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Does the Minimum Legal Drinking Age Save Lives?

38 Pages Posted: 13 Jul 2007 Last revised: 23 Sep 2010

Jeffrey A. Miron

Harvard University - Department of Economics; National Bureau of Economic Research (NBER)

Elina Tetelbaum

Yale University - Law School

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Date Written: July 2007

Abstract

The minimum legal drinking age (MLDA) is widely believed to save lives by reducing traffic fatalities among underage drivers. Further, the Federal Uniform Drinking Age Act, which pressured all states to adopt an MLDA of 21, is regarded as having contributed enormously to this life saving effect. This paper challenges both claims. State-level panel data for the past 30 years show that any nationwide impact of the MLDA is driven by states that increased their MLDA prior to any inducement from the federal government. Even in early adopting states, the impact of the MLDA did not persist much past the year of adoption. The MLDA appears to have only a minor impact on teen drinking.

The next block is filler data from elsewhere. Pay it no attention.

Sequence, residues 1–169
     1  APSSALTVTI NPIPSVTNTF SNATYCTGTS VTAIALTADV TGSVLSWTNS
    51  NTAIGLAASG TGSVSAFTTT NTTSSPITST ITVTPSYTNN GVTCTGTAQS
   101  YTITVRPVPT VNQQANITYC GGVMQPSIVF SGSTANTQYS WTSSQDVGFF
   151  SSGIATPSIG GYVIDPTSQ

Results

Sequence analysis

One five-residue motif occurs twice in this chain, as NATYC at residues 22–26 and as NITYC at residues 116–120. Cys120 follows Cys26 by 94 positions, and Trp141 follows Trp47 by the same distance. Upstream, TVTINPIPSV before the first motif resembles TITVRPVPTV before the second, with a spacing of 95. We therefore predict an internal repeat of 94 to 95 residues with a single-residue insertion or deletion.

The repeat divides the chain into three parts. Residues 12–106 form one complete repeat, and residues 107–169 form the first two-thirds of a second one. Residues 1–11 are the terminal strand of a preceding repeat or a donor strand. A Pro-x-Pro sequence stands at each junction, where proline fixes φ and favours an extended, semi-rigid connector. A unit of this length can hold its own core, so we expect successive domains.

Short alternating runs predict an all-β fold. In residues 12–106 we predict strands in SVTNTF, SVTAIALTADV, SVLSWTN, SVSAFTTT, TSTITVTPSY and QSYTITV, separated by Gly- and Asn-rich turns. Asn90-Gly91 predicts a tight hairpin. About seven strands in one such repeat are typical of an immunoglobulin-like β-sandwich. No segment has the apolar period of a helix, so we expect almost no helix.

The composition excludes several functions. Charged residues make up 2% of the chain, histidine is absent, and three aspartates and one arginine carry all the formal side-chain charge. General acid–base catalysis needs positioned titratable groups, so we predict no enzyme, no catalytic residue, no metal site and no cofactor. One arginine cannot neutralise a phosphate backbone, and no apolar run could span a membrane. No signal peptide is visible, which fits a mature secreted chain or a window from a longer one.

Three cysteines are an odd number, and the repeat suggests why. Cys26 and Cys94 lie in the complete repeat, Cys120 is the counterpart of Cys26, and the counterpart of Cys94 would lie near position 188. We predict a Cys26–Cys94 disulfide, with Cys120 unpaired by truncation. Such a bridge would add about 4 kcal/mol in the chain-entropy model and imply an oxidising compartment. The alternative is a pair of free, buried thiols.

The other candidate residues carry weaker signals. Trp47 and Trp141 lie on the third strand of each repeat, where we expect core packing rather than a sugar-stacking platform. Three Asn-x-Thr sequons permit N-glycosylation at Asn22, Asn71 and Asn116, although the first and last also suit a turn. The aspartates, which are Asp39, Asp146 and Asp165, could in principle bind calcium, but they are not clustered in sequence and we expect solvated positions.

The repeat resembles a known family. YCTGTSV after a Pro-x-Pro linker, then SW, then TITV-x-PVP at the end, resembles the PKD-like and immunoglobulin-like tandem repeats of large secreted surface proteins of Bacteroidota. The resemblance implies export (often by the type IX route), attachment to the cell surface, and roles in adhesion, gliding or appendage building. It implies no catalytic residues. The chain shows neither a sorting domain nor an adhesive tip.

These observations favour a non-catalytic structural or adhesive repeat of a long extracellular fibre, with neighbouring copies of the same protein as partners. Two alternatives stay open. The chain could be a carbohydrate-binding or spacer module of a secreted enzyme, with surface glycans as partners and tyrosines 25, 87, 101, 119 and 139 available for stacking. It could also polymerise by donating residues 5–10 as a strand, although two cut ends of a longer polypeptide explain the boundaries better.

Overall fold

Suggested Citation

Miron, Jeffrey A. and Tetelbaum, Elina, Does the Minimum Legal Drinking Age Save Lives? (July 2007). NBER Working Paper No. w13257. Available at SSRN: https://ssrn.com/abstract=1000359

Jeffrey A. Miron (Contact Author)

Harvard University - Department of Economics ( email )

Littauer Center
Cambridge, MA 02138
United States

National Bureau of Economic Research (NBER)

1050 Massachusetts Avenue
Cambridge, MA 02138
United States

Elina Tetelbaum

Yale University - Law School ( email )

P.O. Box 208215
New Haven, CT 06520-8215
United States

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